Some 300 teams of oxen, their carts and drivers are expected to be in Cartago Sunday for a parade after the dedication of a monument dedicated to the oxcart driver, the boyero.

The impetus for the monument came from the Fundación de Boyeros de Costa Rica and was supported by the Municipalidad de Cartago.

The inauguration is at 9 a.m. Sunday, and the parade from the municipal building where the monument is placed to the Basilica de Nuestra Señora de los Ángeles follows. As is traditional at such events, there will be a blessing of each team of oxen, the cart, occupants and driver.

The sculpture is by Max Ulloa Roya and it is fiberglass with a bronze coating.

The event is also part of the celebration of Cartago's founding 450 years ago.

Saturday at 6 p.m. the carts will be on display at the municipal plaza and there will be competitions of the oxen, folk dancing and traditional country music, said an announcement.

The oxcart parade has been established in Cartago for the second Sunday of October each year. Oxen owners, their teams and carts are expected to come from all over Costa Rica.




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From Page 7:

God, beer and soccer in the company

By Elizabeth Morales Coto*
Special to A.M. Costa Rica

Costa Rica is a highly traditional and conservative country when it comes to respecting the holidays, and the law entitles days off to do the Romería (Aug. 2), and during Holy Thursday and Holy Friday over Holy Week. All of those have
Ms. Morales
Elizabeth Morales Coto
to be paid in full to workers (Costa Ricans or immigrants) even as they take those days off in faith or not.  And if some should come in to work, it’s a double pay day for them by law.

Other holidays foreigners must know about are:

• April 11th (Dia de Juan Santamaria: the Costa Rican national hero during the Campaña Nacional fighting William Walker, an American who wanted to be emperor of Central America),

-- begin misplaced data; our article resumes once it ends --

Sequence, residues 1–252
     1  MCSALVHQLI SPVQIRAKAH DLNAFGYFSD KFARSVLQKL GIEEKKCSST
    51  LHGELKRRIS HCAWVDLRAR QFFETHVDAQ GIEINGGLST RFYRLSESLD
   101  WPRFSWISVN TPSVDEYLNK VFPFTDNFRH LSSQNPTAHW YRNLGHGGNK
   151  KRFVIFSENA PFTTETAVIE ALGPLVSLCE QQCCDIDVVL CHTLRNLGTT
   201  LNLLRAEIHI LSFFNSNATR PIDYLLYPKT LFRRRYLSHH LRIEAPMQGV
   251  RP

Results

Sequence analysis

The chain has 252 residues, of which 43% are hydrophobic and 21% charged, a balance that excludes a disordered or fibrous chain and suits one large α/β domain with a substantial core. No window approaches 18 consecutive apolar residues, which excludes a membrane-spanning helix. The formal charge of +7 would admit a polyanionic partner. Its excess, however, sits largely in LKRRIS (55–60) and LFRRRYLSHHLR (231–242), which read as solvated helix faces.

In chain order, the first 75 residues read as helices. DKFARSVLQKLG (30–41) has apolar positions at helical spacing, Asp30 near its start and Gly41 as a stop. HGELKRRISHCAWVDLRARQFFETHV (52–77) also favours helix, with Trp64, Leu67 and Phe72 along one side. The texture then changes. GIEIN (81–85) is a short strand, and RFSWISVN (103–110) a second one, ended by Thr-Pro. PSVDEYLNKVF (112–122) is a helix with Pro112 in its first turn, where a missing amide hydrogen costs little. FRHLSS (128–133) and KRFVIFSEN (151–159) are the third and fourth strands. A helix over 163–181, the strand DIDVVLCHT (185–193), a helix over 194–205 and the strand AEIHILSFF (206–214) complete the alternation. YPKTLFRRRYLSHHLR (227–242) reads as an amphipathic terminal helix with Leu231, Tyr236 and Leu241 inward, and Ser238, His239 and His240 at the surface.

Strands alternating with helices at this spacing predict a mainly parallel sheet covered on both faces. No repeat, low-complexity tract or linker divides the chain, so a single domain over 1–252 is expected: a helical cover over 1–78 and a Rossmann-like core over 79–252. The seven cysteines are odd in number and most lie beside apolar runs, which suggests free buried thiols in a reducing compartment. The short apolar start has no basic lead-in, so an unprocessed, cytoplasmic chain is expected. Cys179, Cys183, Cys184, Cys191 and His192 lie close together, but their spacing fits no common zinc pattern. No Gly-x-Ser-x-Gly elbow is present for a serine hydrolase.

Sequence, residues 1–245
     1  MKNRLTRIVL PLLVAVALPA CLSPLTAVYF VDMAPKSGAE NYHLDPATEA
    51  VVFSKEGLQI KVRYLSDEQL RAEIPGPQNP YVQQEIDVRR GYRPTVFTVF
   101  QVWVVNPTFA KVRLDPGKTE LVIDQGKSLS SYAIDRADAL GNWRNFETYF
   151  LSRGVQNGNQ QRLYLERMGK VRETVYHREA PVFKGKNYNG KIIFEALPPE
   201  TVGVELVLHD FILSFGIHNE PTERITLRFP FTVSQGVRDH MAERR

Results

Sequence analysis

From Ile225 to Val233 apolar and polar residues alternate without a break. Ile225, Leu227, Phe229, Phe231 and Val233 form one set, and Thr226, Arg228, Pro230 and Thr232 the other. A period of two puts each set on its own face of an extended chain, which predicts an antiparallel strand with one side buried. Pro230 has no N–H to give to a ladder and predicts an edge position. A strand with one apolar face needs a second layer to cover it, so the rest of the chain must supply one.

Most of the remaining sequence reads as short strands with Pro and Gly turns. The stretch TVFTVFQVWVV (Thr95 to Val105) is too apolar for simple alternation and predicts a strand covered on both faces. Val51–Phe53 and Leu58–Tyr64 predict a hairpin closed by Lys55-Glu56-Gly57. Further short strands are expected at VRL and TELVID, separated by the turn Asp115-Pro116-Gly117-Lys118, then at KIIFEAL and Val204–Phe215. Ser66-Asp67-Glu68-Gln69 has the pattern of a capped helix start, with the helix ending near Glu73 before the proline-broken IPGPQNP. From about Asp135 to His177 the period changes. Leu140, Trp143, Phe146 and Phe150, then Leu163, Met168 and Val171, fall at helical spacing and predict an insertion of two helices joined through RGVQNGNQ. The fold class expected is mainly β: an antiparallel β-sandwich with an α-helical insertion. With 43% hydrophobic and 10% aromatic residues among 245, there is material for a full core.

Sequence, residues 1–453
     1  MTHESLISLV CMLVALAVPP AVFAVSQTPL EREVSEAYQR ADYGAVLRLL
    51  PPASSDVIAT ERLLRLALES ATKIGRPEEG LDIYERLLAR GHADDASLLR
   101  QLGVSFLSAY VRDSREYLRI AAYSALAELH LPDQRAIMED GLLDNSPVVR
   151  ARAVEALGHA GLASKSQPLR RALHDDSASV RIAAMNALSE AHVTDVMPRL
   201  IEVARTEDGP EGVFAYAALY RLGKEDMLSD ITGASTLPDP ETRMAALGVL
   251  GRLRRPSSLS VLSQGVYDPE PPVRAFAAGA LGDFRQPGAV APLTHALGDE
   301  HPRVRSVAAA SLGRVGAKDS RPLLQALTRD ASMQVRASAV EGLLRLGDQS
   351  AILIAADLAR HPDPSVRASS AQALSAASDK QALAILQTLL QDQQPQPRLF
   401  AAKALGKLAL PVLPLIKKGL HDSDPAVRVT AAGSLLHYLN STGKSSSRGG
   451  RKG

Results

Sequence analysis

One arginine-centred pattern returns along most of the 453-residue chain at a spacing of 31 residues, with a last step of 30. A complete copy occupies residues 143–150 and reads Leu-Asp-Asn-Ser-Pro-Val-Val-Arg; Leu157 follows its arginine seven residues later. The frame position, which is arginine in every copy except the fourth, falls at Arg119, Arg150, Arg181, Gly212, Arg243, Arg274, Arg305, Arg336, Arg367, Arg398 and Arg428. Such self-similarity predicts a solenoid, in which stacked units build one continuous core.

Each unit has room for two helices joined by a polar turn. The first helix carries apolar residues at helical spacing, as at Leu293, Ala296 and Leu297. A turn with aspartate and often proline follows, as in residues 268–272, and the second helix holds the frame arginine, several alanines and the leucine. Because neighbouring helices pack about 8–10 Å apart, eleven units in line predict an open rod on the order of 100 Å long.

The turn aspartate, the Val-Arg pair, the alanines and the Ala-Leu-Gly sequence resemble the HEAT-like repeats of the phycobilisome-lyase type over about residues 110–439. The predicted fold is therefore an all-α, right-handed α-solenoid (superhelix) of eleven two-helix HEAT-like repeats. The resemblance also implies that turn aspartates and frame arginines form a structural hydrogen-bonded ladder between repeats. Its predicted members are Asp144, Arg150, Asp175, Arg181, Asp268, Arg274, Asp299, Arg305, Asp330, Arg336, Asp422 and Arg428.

• May 1st, Labor Day,

• July 25th (when Guanacaste became a part of Costa Rica under their own free will…and so says the song: “…de la Patria por nuestra voluntad”)

• Mother`s Day on Aug, 15th (big holiday too, which exhibits itself by having the same traffic jams as Christmas or Summer Break),

• Sept. 15th (which is Independence Day),

• And, of course, Saturday is el Día de las Culturas, although not a double pay day.

Costa Rica is one of the very few countries in the continent that passed the liberal laws in 1884, separating clergy from state, and still keeps in the Constitución Política the Catholic religion as the official one. When someone marries in the Catholic Church, it is legally binding.

It is common to hear expressions such as: Que Dios lo acompañe or Que Dios lo bendiga or Bendiciones, Amen even at the end of business emails. As a business analyst, not only for karma purposes, but also for the company´s culture and healthy climate, it might be smart to keep up with these traditions and maybe one day all employees will find true meaning in this and carry on with values close to those desired by a company owner. Not to mention respect for libertad de credo is very important in Costa Rica (religious freedom).

If you can understand what football means to an American, you will get what soccer means to Costa Rica. Even the presidents grant asueto (either all or part of the day off) when La Selección is playing an important game or any other team that is a national pride. When a soccer game is on, it gets really hard for a company owner or a manager to keep everyone from listening to the game or watching it online, or even having the occasional one who brings in the mobile with the game or even switches TV channels when no one is watching and tries watching the game on mute.

So strategies to keep the business going when this happens: either set a TV in the room, give them a few minutes (90 to be exact) and know that this day won’t be the greatest or be creative, record the game and promise them a nice prize for working hard by watching the game all together after a long day of work, maybe even throwing in some fun statistics or games to heat it up.

Costa Ricans are told from the time they are 12 about  the Derechos y Deberes del Trabajador y Patrono and being in your right senses is one of them. This means not being intoxicated during working hours, so by using these words, any manager will trigger back childhood memories from school and might get a stronger impact in their responsibility. It is a bad idea to go out for drinks with the employees, for these times in Costa Rica create what is called as the drinking buddies, and that lasts forever, whether they never get to know each other´s names.

So every business owner, manager or supervisor, should try and keep a professional distance, not only to assure respect and productivity, but also to avoid sexual harassment issues (which nowadays includes both men and women). Business in Costa Rica is made at the office not the bar or the restaurant or the lounge.

Problems exist to be solved, and company owners and managers should never hesitate to ask questions because specialists in this area can help and find the light at the end of the tunnel.

* Ms. Morales is an engineer with a master's of business administration specializing in business strategy and development. She is a principle in CEDAD Asesores and can be reached at info@cedadasesores.com.